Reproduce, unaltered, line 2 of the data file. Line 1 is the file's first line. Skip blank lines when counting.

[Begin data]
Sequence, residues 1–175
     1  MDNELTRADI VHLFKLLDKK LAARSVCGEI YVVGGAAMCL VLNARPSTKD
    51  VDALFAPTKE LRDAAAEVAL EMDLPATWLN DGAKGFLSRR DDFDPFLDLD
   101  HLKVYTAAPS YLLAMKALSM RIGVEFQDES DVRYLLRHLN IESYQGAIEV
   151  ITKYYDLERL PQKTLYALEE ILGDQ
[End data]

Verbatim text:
     1  MDNELTRADI VHLFKLLDKK LAARSVCGEI YVVGGAAMCL VLNARPSTKD